I'm standing in line at JFK when a man ahead of me falls to the floor, clutching his chest. Commotion erupts as paramedics rush to the scene. Next to me, a large West African woman shakes her head. "Travel sure is a stressful business." She's not wrong. Part of my job entails running around the globe to hear music in many diverse locations. Right now, I'm en route from New York, where I've been at a recording session. (We've put the veteran punk rock producer David Kahne together with the Dead 60s, best described as a Liverpudlian Clash. David and I are confident that the band will be the latest sons of the city to achieve global fame.) I'm on my way to Austin, the self-proclaimed "Live Music Capital of the World", for the South by Southwest festival.
A music industry secret
For 14 years I've been escaping the rain-sodden British Isles in March to watch bands in the Texas sunshine. Back in the early Nineties, there were very few Brits in attendance, and country music filled most of the venues. Bands played only in the evening, leaving the days free for exploring - or attending a seminar on regional radio if you were feeling guilty. Even then, there were grumblings from some of the old hands, fearful that brash new A&R types like me were discovering their little secret. I very quickly fell in love with the experience: it was like Glastonbury, Mardi Gras and New Year's Eve all rolled into one. Only the terrifying hangovers ever threatened to take the magic away. For the American music industry, it was their spring break, when they could leave behind their corporate woes.
Given that Austin is where George W Bush sat in power over at the State Capitol (the model for the one in Washington and bigger, I am constantly informed), it's surprisingly the last bastion of ideological soundness in the South. A substantial student population and a welcoming attitude towards musicians and artists have always made for a more bohemian atmosphere than you might expect from an affluent cowboy town. But, for all that, there are rumours that when the big music festival starts, all undesirables are swept off the streets so that the visitors get to see a Disneyfied version of the city.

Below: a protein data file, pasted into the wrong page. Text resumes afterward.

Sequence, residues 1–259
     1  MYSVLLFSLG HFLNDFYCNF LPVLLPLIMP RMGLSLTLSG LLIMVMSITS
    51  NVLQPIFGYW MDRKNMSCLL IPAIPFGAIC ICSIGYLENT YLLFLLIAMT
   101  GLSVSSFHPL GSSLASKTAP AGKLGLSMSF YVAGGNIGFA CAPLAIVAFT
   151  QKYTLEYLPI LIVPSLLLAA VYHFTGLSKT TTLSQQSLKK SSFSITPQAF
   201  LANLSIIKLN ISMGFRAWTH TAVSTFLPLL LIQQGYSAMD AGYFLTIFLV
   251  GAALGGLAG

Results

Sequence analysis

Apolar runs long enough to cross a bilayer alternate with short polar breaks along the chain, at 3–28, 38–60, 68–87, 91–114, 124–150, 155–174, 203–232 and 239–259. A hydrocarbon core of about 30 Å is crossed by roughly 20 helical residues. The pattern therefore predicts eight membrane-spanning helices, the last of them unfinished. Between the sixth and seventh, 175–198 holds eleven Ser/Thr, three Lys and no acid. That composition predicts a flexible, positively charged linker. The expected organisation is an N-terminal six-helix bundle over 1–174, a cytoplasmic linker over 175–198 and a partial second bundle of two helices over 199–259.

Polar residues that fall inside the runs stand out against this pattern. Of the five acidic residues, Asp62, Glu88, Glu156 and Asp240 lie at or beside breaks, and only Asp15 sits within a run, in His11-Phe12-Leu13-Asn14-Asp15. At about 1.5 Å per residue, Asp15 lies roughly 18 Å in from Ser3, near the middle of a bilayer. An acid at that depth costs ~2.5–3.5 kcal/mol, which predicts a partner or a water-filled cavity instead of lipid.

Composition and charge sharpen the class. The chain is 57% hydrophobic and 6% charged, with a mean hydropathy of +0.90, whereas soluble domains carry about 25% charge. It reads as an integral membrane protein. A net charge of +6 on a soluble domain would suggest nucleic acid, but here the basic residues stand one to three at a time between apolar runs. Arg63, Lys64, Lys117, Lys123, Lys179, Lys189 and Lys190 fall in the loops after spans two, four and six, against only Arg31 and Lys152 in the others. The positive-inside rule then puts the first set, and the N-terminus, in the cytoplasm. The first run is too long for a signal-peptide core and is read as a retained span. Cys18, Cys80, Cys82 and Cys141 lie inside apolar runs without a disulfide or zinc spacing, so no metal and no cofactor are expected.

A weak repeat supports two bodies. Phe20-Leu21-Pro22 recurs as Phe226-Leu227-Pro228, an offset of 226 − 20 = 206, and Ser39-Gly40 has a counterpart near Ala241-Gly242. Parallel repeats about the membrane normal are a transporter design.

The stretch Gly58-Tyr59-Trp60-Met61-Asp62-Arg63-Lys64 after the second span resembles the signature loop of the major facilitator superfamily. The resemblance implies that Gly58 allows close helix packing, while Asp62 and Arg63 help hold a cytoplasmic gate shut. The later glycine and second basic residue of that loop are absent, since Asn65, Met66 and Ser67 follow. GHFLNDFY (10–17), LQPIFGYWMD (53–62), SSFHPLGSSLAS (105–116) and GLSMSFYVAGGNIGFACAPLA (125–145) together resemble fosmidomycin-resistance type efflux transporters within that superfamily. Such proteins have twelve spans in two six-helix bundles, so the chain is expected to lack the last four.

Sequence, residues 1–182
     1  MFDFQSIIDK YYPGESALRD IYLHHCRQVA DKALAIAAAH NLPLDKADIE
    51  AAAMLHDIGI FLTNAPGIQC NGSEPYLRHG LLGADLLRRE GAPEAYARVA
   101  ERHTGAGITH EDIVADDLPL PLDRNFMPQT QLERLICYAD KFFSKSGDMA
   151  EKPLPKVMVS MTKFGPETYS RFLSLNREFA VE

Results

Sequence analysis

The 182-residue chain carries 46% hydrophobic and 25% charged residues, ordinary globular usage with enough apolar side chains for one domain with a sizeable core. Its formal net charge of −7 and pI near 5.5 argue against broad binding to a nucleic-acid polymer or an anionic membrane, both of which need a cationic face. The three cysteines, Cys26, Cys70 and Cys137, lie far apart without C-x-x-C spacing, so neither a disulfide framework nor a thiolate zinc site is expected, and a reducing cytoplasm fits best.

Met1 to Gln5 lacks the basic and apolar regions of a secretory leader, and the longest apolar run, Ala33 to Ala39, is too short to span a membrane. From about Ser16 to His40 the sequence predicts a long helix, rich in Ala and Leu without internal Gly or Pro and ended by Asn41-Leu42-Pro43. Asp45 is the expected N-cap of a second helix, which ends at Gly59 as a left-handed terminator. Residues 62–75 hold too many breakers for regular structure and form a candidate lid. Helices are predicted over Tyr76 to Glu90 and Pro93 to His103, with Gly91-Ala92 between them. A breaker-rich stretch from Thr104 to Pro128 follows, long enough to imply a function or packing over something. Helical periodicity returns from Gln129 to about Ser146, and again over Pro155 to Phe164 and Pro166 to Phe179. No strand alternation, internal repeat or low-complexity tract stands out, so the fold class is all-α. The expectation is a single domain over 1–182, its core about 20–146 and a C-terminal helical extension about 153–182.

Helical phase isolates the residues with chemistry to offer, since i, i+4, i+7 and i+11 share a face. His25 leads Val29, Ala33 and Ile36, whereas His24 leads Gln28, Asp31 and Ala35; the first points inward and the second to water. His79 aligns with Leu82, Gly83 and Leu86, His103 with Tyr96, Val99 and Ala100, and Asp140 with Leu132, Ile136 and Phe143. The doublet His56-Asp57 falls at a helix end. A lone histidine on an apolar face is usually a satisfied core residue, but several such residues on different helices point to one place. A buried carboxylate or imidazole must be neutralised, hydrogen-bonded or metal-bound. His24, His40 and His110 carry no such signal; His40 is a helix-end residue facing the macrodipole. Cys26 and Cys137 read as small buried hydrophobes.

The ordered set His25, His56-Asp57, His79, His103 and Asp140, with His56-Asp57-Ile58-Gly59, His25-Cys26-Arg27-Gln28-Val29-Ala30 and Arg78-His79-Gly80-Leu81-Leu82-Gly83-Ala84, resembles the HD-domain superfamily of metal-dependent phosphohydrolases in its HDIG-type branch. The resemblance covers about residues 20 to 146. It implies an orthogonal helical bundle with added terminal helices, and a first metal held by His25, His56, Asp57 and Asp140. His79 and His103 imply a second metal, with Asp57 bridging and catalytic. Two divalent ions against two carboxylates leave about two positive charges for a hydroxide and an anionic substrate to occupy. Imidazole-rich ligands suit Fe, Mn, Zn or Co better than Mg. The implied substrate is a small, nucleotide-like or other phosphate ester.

You can also only push the locals so far. A few years back, during a set at the local equivalent of the Hard Rock Café, the Californian hardcore act Icarus Line, having bust one of their guitars, smashed the glass cabinet surrounding Stevie Ray Vaughan's guitar, which was mounted with reverence high up on the wall. The offending guitarist was chased right down the length of Sixth Street when he refused to return it, and was nearly lynched.
Banging on police cars
The British music industry abroad is only moderately better-behaved than a coachload of football fans. At midnight, everyone is coming apart at the seams. People are banging on the bonnets of police cars asking to be taken home, thinking they've met a taxi driver. Luckily, pretty much everyone you meet in Austin is charming. A bartender is keen to engage me in a conversation about Iraq. He is against the war and wants to know my views. I'm a little cautious, having been too free with my opinions in the past. My republican sympathies in the months after the death of the Princess of Wales saw me dumped unceremoniously at the side of the road one year by a deeply offended driver.
Do I get much work done out here? In the past, I would come with hundreds of bands written down on my to-do list. These days I have a much more laissez-faire attitude, and arrive with only a few tips to follow up. Mostly I am happy to bump into fellow travellers and see where these random encounters take me. On previous trips, such unplanned excursions have taken me to see fledgling shows by the White Stripes and Arcade Fire. I ended up going on a shopping trip around the thrift stores with Scissor Sisters, watching Jake Shears try on gold-lamé bolero jackets. This year is no exception, as I find myself in a tattoo parlour with the Watford hardcore band Gallows. Nothing can ever be predicted in this town. Everything is bigger in Texas, especially the memories.
Mike Smith is Managing Director of Columbia Records